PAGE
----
TV not to miss

SATURDAY

Punchestown — Seeing Out The Distance

TG4, 9.20pm

The first of two horse racing documentaries on TG4 this week goes behind the scenes at the Punchestown Horse Racing Festival. As well as recent events, the show also dips into the archives to look back at the history of the meet and selects some of its greatest moments. Interviewees include JP Mc Manus, Mouse Morris and Willie Mullins.

The Killing

BBC Four, 9pm

You hooked again? Another two episodes has Sarah Lund and her new young partner trying to find the man who kidnapped young Emilie Zeuthen.

The Bórd Gáis Energy Irish Book Awards

RTÉ One, 11pm

Claire Byrne and John Murray are on presentation duties for the highlights of the awards. Edna O’Brien and Kevin Barry are among those nominated in the fiction categories, while Jimmy Magee and Katie Taylor are up for the memoir prize. Not surprisingly, a cookbook of the year category has been added to the prizes and among the celebrity chefs on that list are Rachel Allen, Donal Skehan and Catherine Fulvio.

SUNDAY

Ireland’s Search And Rescue

RTÉ One, 6.30pm

Bonfire Night is an ancient custom in parts of Ireland which has its origins in requests to the gods for bountiful crops. For Cork City Fire Brigade, however, it is also the busiest night of the year. Tonight’s show follows them as they race between various incidents in the city. We’ll also see a cliff rescue in Killiney and the rescue of a terrified climber on Donegal’s Muckish Mountain.

Peep Show

Channel 4, 10pm

Series eight of the hit comedy show starring David Mitchell and Robert Webb. Once the funniest thing on TV, recent series have had that inevitable wane factor, but the brilliant characters will hopefully sustain another season.

Give Us The Money

BBC Four, 9pm

Bob Geldof and Bono have been doing their Jiminy Cricket act for 30 years, using their celebrity power to prick the western world’s conscience on development issues. This documentary looks at the duo’s efforts, but also scrutinises whether their well-meaning campaigns have made any difference in Africa.

The Moment Of Truth

RTÉ One, 10.30pm

Another personal story from somebody who had to face a life-changing decision. Dublin woman Liz McDermott tells Bláthnaid Ní Chofaigh about the shock of being told she was expecting a severely disabled baby, with no arms or legs and, very possibly, brain damage. Abortion wasn’t an option for McDermott, and she tells of why she went ahead with the birth, and how she now has a happy and active nine-year-old son.

MONDAY

The Dark Charisma Of Adolf Hitler

BBC Two, 9pm

Final episode of the three-part series on the appeal of Adolf Hitler for the German people. Whatever about Hitler’s appeal when Germany was climbing out of depression, and later when it seemed to be winning the war, this episode looks at how the Nazi leader managed to cling to power even when his stupid decisions helped ensure defeat.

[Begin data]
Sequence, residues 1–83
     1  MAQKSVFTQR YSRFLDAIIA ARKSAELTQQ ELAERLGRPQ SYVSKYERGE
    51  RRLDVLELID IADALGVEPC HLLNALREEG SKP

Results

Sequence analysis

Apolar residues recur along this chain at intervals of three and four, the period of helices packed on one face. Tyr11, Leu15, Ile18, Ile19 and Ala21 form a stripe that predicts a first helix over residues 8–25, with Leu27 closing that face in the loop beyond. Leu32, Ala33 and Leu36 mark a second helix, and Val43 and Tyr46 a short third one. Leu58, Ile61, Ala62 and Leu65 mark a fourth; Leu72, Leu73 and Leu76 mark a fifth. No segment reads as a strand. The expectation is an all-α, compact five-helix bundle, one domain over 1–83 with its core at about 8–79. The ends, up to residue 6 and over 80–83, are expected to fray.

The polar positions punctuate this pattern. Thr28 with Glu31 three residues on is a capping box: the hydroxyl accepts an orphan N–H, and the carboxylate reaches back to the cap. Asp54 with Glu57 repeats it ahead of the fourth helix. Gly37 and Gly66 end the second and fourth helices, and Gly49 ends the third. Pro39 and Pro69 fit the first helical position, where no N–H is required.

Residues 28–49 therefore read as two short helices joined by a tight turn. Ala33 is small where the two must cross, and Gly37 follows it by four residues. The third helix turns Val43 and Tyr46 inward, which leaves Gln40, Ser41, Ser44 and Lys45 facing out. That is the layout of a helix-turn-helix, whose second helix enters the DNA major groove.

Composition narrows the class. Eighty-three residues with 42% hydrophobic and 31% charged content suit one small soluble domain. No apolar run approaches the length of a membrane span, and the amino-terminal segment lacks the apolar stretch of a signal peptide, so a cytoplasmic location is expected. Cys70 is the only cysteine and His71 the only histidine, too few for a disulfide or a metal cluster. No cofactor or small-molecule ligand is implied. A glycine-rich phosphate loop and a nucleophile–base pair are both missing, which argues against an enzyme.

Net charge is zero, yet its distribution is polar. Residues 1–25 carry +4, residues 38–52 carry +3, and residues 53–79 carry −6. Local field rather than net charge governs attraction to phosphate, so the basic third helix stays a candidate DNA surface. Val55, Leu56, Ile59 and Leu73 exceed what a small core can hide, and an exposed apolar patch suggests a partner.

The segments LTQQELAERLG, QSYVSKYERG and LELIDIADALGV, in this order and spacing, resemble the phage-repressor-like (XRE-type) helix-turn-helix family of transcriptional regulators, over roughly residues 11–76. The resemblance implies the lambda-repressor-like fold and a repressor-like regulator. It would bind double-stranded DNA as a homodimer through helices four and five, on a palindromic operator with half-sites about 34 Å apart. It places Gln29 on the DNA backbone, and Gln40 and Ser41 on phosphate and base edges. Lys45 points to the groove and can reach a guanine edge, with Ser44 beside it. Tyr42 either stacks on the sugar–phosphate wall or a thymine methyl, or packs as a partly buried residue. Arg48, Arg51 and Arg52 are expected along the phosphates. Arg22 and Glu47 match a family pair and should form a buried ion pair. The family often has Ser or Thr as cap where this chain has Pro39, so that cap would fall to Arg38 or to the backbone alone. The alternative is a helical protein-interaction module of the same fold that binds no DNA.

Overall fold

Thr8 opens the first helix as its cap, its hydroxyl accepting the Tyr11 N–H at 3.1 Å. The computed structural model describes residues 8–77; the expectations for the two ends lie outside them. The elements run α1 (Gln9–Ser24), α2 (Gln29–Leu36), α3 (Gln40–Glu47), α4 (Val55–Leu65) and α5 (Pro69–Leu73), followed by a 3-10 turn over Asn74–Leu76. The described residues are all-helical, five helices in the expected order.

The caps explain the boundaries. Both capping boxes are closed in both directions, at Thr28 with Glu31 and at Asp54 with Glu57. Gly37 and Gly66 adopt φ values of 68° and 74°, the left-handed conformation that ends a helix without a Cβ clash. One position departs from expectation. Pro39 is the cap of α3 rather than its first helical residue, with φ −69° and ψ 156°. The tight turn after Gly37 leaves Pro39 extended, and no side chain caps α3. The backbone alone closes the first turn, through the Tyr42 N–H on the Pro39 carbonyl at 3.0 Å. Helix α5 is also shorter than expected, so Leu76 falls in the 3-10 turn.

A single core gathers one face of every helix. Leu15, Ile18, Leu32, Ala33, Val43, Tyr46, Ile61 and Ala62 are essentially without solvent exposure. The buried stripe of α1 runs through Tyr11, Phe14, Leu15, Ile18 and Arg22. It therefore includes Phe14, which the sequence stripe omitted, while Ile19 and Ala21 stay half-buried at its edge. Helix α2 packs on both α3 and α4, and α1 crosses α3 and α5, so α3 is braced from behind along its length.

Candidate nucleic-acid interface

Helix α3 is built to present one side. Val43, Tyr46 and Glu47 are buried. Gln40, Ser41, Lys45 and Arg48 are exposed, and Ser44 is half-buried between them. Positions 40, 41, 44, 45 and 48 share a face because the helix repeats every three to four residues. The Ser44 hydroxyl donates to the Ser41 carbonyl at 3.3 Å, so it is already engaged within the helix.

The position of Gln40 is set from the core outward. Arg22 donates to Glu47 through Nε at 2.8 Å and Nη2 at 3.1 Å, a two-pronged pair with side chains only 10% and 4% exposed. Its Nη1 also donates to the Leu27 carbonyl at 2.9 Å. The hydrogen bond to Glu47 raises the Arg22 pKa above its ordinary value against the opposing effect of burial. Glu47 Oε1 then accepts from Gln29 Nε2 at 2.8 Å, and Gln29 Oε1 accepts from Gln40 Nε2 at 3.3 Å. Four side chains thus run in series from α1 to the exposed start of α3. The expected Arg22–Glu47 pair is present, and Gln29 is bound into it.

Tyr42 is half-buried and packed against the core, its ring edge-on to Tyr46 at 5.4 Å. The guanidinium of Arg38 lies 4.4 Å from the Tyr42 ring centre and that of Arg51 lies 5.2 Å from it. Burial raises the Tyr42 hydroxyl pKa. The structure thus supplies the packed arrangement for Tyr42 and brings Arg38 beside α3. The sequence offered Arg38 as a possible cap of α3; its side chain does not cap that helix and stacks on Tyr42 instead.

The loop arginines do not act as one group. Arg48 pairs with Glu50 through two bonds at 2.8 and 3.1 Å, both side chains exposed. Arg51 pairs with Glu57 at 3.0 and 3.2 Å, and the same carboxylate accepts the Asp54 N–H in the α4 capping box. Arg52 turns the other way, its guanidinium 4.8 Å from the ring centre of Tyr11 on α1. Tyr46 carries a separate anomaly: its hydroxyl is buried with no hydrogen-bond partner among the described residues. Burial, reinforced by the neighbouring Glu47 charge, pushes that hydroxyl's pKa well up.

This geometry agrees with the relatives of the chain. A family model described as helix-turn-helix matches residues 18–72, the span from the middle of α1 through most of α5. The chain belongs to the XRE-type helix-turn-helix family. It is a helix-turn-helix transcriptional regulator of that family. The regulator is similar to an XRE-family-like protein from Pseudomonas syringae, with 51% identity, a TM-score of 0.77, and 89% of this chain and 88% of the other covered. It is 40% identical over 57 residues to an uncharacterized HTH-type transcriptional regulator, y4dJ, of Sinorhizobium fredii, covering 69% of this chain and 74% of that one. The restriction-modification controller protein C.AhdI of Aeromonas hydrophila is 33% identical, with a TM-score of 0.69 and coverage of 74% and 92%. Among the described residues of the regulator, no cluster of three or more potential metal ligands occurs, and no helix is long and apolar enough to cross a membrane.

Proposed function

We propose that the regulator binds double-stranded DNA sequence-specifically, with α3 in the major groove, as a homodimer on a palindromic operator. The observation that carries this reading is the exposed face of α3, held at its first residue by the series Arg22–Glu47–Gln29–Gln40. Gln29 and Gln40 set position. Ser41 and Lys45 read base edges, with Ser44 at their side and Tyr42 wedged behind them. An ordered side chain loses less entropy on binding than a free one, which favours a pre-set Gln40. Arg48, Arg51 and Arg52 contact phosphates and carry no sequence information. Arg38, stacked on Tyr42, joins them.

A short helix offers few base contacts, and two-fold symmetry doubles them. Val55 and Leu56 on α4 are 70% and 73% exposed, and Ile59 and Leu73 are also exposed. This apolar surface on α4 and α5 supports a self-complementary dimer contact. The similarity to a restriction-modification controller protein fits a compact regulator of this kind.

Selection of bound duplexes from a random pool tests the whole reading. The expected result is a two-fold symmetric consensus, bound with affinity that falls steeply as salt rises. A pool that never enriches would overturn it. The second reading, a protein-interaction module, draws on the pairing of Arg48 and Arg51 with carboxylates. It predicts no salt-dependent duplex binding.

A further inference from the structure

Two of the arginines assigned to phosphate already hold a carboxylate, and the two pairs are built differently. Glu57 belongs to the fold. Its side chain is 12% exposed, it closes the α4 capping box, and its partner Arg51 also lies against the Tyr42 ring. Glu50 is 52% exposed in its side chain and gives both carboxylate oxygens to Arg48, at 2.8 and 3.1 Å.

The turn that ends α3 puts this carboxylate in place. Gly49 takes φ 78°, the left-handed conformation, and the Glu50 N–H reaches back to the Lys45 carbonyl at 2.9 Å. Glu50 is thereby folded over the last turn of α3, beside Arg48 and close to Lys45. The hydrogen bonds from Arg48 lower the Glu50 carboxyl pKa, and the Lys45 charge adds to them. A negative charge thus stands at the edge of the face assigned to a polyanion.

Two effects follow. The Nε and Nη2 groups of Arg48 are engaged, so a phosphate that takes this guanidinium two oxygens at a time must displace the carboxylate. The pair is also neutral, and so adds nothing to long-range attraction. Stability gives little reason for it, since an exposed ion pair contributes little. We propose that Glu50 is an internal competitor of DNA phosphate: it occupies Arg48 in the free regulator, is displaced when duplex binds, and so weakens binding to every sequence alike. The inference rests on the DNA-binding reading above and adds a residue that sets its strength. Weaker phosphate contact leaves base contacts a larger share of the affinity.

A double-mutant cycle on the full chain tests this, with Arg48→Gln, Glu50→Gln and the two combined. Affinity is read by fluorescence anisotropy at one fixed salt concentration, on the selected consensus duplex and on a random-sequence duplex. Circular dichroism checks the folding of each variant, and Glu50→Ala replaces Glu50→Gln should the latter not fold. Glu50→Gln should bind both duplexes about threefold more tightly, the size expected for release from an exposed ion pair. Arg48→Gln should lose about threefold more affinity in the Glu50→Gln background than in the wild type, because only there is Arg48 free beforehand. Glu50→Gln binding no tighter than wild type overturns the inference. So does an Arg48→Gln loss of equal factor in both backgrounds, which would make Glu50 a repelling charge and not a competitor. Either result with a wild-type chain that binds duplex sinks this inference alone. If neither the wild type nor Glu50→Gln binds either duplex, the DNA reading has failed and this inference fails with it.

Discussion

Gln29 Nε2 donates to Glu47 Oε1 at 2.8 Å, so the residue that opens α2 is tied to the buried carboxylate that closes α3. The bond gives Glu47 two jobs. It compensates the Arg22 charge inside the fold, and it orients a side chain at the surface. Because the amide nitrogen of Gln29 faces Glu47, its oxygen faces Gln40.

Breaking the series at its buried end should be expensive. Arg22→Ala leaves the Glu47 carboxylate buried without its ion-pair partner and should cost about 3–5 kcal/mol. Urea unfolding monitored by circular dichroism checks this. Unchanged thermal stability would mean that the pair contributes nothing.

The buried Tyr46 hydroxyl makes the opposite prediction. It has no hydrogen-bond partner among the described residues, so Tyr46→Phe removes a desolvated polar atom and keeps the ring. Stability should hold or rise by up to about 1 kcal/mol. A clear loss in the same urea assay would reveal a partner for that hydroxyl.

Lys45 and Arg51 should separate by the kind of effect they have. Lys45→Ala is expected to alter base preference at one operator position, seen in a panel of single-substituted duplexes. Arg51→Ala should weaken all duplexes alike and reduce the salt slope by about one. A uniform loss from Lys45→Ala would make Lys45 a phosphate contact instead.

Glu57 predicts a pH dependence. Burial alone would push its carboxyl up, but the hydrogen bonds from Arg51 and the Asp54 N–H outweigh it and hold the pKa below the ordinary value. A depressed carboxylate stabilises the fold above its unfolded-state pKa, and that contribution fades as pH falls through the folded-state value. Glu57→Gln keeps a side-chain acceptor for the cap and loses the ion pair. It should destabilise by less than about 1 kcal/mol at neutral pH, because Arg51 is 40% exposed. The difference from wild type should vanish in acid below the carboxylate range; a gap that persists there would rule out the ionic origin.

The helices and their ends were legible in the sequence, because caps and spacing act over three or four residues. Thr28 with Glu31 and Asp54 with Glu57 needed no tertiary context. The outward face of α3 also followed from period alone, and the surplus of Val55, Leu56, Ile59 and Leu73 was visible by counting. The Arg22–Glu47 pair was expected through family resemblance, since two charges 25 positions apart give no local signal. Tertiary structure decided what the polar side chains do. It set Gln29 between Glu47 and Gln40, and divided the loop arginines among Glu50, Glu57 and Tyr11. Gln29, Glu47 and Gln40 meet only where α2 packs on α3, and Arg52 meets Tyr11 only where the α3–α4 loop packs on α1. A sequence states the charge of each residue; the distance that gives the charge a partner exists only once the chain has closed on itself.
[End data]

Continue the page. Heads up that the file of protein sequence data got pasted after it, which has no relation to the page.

TUESDAY

Homeland

RTÉ Two, 9pm

Episode nine of the 12-part series. Last week’s cliffhanger brought Brody face-to-face with his mentor Abu Nazir. Whichever way he swings, the renegade ex-Marine needs to give a clear explanation of his loyalties and beliefs. But would such a thing be palatable to an American audience?

Park Avenue: Money, Power And The American Dream

BBC Four, 10pm

Number 740 Park Avenue in Manhattan is home to more billionaires than any other building in the US. Five miles north is another Park Avenue in the South Bronx, where almost 40% of the people there live in poverty. Oscar-winning documentary maker Alex Gibney (Enron: The Smartest Guys in the Room) uses the two avenues to look at inequality in America. “There’s always been a gap between the wealthiest in our society and everyone else, but in the last 30 years something changed: that gap became the Grand Canyon,” he says.

Through the film, he also looks at the influence of corporate CEOs on policy-makers.

WEDNESDAY

Goodnight Britain

BBC One, 9pm

Don’t worry about the title — this new two-part series on extreme sleep disorders is just as interesting for Irish viewers. Sian Williams presents a show in which five sufferers move into a monitored house. Dr Kirstie Anderson and Dr Jason Ellis observe the insomnia, night terrors and other afflictions and try to devise coping strategies for the troubled volunteers. Concludes tomorrow.

THURSDAY

Ear To The Ground

RTÉ One, 8.30pm

Another excellent episode brings some interesting features. First up are Rory and Simon Best, the farming brothers who are also the only sibling duo to captain the Irish team. Rory breeds Angus cattle, while Simon also grows grain. We also hear about the calls from commercial fishermen to repeal the ban on bass fishing, as onshore anglers and tourism interests line up on the other side.

Bású

TG4, 9.30pm

Another tale of execution from the dark days of the Civil War. This week features Rory O’Connor, the veteran of 1916 who was one of the main leaders on the anti-Treaty side. As part of the plan to re-ignite the war with Britain, and thus re-unite the Irish side, he was one of 200 men who took over the Four Courts in Dublin. After his capture an execution order was signed by Kevin O’Higgins, the man at whose wedding he had been best man less than a year beforehand.

FRIDAY

Tracks And Trails

RTÉ One, 8.30pm

Mayo native and former Rose Of Tralee Aoibhinn NÍ Shúilleabháin is in her home county for walks at Caraheigue (Ceathruthaidhg) and Blacksod Bay.

An Idiot Abroad

Sky 1, 9pm

The third series of adventures for Karl Pilkington has him following in the footsteps of Marco Polo by travelling from Italy to China. He’s also taking along dwarf Warwick Davis, and tonight’s first stop is Venice.

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